We are a Biotensegrity structure. When under duress, the structure cannot find the center of gravity. Pressure driven forces cannot move fluid efficiently. Balance and coordination are no longer automatic, they have to be constantly considered in every movement. This is exhausting.
If you have time, or an interest, I encourage your next pre/post space flight to utilize Sue Hitzmann’s MELT Method along with the prescribed rigorous exercise regime in space.
Your colleague Anne McClain-whom is set to return Monday 6/24/2019-may find the MELT Method helps her body to reconnect to the mind and function as a unit, more profoundly and faster than without using the MELT Method.
If you are interested in being in contact with Sue Hitzmann directly. I will put you in contact with her right hand lady, Jaci Dygos.
Other resources regarding fascia and tensengrity models, since you both are grounded in science, are below.
Thank you to you all for being incredibly positive role models for my 12 year old daughter. She wants to study astronomy in Sweden.
Safe travels in the future to you both,
All my Best,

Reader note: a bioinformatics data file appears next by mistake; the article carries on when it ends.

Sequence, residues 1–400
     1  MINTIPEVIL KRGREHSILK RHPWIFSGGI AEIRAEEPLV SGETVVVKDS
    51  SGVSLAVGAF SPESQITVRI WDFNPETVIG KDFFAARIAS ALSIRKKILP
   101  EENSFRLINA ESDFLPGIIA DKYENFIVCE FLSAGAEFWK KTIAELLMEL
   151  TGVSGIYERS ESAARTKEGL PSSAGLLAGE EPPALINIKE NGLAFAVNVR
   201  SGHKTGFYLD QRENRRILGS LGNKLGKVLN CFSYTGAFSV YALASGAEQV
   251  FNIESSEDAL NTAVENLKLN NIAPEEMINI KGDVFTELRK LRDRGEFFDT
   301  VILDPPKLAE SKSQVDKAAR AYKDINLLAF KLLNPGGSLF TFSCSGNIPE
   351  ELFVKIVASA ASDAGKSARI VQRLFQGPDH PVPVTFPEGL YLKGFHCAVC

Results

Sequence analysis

Allissa from Iowa, Living in Sweden.
Fascia Research Society
Dr Melody Swartz
Trends in Cell Biology
Volume 17, Issue 1, January 2007, Pages 44-50
“A driving force for change: interstitial flow as a morphoregulator”
Dr Neil Theise - Liver pathologist
Meet Your Interstitium, a Newfound "Organ"
These fluid-filled spaces were found in the body’s connective tissue
By Rachael Rettner, LiveScience on March 27, 2018
Dr. Carla Stecco- Italian orthopedic surgeon, research and author. Dr. Carla Stecco has become an amazing force with her pioneering work in the cadaver lab. She has provided the realization of fascia no longer being discarded as refuse by the anatomist. Her book published 2015, Functional Atlas of the Human Fascial System, tells how the human body’s fascial system interplays with muscle, ligaments, and tendons as well as functions as an organ of sensory perception.
Excerpt from page 6 of her book, “Fibroblasts are the principal cell of the CT (connective tissue).” Fibroblasts main function is to maintain structural integrity of CT. They do this by secreting collagen, elastin, and complex carbohydrates of the ground substance into the Extra Cellular Matrix (ECM). Fibroblasts have a role in remodeling the matrix by degrading and synthesizing new fibers and proteins. "Fibroblastic proliferation and degradation is a normal occurrence in everyday mechanical loading such as walking, running, and most forms of movement. Collagen synthesis in the patellar tendon increases by nearly 100% as a result of just a single bout of acute exercise, and the effect is still evident 3 days later."
Prof Dr. Carla Stecco spoke at the 5th Fascia Research Congress in Berlin, Germany November 2018 regarding a new receptor recently found, Endocannabinoid Receptor (CB2) in living tissue. This is found only in the fat cells of the subcutaneous and superficial fascia (not the deep layers of fascia). This receptor gives credence to soft tissue massage, as the receptor can stimulate the endorphin system.